For journalist Pete Muller, BA history '05, it's all about the story. And that pursuit has already taken him far beyond American University.
Just days after receiving his degree, Muller took a job as a journalist for a Palestinian news agency. "Journalism and documentary work seemed like the logical thing for me to do," Muller says. "[I have always been] interested in stories and in creating [a record] that will be the primary documentation of what's happening now."
Most recently, Muller's work led him to Uganda and Somalia. As a correspondent for Glimpse, an online international journalism outlet supported in part by National Geographic, Muller traveled to Uganda to document the return of millions of refugees to their homes after more than a decade of internment at Internally Displaced Persons camps.
Muller covered a group of refugees in northern Uganda who had been displaced by the war. Their backgrounds differed: some had been fighters in the rebel army, some members of the government's army, and some had been apolitical refugees. But they had one thing in common: billiards. This eclectic group had banded together to form a billiard team. Deep bonds developed among the refugee teammates, who looked out for one another by dividing winnings and resources.
"I'd go and take photographs of these guys," says Muller, "but I spent 75 percent of my time getting to know them, interviewing them formally and informally, [getting] a sense of their personalities, background, and [what their] circumstances were like—finding out what led them to be in this pool hall."
Muller's work with the refugees led to a contract with the Danish Demining Group to document traditional and alternative mine clearance programs in Uganda and Somalia. In addition to removing mines and unexploded ordinances, these programs provide locked-state storage devices and implement social programs to defuse the status of firearms in the culture.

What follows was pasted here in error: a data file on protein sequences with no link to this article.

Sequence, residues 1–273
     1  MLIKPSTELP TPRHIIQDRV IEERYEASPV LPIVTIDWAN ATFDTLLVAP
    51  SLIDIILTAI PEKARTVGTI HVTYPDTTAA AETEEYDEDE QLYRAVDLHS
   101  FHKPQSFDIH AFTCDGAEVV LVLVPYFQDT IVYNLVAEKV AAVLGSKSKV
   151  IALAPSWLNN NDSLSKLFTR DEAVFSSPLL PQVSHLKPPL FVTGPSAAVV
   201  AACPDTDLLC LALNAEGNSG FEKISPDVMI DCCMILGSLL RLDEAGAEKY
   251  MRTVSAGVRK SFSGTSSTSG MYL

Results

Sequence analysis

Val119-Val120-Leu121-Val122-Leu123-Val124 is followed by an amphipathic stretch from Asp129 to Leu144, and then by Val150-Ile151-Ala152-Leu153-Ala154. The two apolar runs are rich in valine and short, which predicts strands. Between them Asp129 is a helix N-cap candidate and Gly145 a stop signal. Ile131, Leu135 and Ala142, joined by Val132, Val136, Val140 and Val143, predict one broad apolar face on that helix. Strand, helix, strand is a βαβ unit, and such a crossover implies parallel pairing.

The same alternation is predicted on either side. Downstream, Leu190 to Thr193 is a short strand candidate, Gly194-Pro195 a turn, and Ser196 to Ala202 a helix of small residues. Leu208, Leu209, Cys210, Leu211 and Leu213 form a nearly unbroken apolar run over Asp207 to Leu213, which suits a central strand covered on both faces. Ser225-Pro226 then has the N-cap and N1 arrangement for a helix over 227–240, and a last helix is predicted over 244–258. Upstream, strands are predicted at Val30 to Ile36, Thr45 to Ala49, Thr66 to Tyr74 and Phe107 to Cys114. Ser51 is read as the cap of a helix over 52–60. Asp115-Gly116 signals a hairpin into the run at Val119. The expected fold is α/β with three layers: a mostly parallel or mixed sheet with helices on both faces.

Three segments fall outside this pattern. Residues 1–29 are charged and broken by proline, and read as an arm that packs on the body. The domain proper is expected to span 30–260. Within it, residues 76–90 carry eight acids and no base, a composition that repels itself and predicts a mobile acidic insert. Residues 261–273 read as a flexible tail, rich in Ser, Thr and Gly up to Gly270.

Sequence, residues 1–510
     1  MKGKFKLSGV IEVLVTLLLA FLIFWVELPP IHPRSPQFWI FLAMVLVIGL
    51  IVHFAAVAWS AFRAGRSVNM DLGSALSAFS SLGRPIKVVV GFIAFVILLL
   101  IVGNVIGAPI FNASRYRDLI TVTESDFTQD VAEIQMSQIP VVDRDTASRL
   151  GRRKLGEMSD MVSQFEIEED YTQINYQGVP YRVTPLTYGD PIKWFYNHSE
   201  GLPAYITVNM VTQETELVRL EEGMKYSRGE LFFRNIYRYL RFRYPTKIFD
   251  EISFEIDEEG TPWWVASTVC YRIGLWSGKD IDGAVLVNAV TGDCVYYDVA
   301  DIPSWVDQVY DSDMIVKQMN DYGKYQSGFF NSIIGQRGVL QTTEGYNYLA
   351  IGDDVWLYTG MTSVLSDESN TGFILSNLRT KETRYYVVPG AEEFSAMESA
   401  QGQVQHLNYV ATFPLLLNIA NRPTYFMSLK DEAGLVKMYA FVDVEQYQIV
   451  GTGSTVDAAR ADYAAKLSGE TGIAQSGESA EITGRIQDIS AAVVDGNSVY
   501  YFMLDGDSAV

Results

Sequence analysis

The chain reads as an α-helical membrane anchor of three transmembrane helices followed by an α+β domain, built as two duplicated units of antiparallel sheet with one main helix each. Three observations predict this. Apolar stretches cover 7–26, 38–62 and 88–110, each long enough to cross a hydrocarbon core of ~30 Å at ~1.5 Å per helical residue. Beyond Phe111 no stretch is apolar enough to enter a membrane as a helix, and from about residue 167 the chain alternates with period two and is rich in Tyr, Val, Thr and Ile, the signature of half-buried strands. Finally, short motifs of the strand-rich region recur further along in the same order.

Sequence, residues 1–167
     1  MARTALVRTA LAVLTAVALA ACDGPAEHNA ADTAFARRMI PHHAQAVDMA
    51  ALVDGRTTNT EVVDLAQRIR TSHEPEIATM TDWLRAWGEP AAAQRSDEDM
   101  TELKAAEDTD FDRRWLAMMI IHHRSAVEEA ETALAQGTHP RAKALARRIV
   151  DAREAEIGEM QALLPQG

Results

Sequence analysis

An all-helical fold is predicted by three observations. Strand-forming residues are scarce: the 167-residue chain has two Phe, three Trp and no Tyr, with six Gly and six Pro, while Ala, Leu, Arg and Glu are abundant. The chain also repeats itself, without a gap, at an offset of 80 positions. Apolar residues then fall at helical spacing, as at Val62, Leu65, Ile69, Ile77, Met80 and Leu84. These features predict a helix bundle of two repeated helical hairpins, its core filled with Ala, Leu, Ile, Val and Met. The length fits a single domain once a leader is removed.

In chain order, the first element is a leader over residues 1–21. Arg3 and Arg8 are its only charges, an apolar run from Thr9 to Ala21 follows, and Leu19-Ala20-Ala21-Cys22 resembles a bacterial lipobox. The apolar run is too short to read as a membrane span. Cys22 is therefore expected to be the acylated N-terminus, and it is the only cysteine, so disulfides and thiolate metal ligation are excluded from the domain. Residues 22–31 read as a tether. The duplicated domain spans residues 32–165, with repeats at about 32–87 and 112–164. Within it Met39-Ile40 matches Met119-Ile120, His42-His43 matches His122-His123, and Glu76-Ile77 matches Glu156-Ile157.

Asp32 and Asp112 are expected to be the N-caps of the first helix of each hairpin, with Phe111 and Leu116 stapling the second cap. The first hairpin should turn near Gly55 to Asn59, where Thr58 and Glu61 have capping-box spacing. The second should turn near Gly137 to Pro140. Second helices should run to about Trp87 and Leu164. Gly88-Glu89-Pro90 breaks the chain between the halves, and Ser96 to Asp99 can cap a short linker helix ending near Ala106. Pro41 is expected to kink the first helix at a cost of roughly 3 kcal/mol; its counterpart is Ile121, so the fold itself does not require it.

Muller says his study of history informs his work. "The topics of war, uprising, social movements, and sexuality defined my course of historical study at American University and generated a deep curiosity in the modern aspects of these issues," he says. "Through a combination of photography, text, and audio recordings, I hope to illustrate [these] broader issues through individual stories."
Full photo description of Christine: (from Pete Muller Photography)
"She lives in a return site in Uganda's arid north. Dust cyclones are frequent, sending superstitious children dashing behind grass thatched huts. Her husband, Richard, had his fingers severed by LRA rebels shortly before he was murdered in 2006. Her three children depend on her for everything, which she cannot provide. Their lives are among the most difficult I have ever encountered."
Achet, Northern Uganda, 2008